ABBA is embracing the season of giving this year with the release of their Christmas single "Little Things," the proceeds for which will be donated to charity.
The Swedish supergroup released the track as a single on Friday alongside an accompanying video that features a group of schoolchildren putting on an ABBA-themed holiday show.
In the clip, the students work hard to recreate the digital avatar technology that the actual ABBA will use in an upcoming London concert series.
With their own marketing team, costume designers and choreographers, the kids pull off the show, eventually taking the stage as Björn Ulvaeus, Benny Andersson, Agnetha Fältskog and Anni-Frid Lyngstad.
The holiday season has arrived. If you haven't gotten into the holiday spirit yet, stream ABBA's Christmas single 'Little Things' here: https://t.co/62I9BeGvqn
Photo by: Ludvig Andersson pic.twitter.com/hSMuJOsl8A
— ABBA (@ABBA) December 1, 2021
In announcing the single, ABBA said that all royalty payments from the track for the next five years will be donated to UNICEF's Global Child Protection Fund.
The band has a long relationship with the organization, and has donated all royalties from their song "Chiquitita" since 1979, raising $4.8 million to date.
"We think it is impossible to eradicate poverty without the empowerment of women. That is why we support UNICEF in protecting girls from sexual violence and empowering them through the Global Child Protection Fund," ABBA said in a statement. "We have done so for many years with our song 'Chiquitita' and now we have decided to give UNICEF a Christmas gift in the form of a second song: 'Little Things' from our album Voyage."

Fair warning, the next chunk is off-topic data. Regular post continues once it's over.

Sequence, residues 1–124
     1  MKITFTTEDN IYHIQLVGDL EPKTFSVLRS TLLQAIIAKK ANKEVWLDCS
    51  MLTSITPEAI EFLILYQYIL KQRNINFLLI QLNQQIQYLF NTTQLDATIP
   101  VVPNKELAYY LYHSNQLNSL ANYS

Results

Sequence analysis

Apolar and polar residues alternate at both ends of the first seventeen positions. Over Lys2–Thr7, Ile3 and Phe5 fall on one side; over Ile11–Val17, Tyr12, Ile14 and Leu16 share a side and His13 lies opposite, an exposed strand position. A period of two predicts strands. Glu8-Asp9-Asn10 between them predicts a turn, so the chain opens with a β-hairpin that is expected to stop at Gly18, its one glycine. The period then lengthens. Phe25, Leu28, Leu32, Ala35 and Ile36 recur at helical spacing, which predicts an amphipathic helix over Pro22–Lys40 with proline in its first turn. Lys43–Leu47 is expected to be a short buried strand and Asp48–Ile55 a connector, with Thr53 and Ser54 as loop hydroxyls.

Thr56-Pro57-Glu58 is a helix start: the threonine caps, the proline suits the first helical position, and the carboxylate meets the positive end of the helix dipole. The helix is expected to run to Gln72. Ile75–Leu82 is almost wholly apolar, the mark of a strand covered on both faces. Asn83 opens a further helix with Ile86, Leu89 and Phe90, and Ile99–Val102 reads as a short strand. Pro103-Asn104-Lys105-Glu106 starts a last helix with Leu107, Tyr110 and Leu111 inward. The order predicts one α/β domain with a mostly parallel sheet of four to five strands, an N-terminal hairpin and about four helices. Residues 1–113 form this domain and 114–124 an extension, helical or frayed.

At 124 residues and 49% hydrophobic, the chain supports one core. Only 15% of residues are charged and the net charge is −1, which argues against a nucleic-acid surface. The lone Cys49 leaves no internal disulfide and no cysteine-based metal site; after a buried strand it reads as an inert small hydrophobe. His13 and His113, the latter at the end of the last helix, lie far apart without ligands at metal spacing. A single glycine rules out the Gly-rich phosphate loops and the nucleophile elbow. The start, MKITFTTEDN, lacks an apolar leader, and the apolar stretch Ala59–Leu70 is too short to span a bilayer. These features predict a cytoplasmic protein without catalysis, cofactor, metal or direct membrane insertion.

Voyage was released in early November as the group's first new album in 40 years.
"I think it's pretty good. We've done as good as we could at our age," Andersson said at the time. "We wanted to do it before we were dead."
OLLE LINDEBORG/AFP via Getty ABBA
The album featured the track "I Still Have Faith in You," which earned the band its first Grammy nomination, for record of the year.
"When we got back together in the studio I had no idea what to expect," Fältskog said in a statement. "But Benny's recording studio is such a friendly and safe environment, and before I knew it I was really enjoying myself! I can hardly believe that finally, the moment has come to share this with the world!
ABBA is also preparing for a London concert series that'll feature the stars as digital avatars, performing as they looked in 1979, just three years before they split.
The musicians spent five weeks performing all 22 songs in the 90-minute setlist in order for their crew to capture every mannerism and motion with performance capture techniques.
"What you're gonna see when you come to this show is us," Andersson said.
The concert series will take place in a custom-built arena in London, with the first show coming this spring.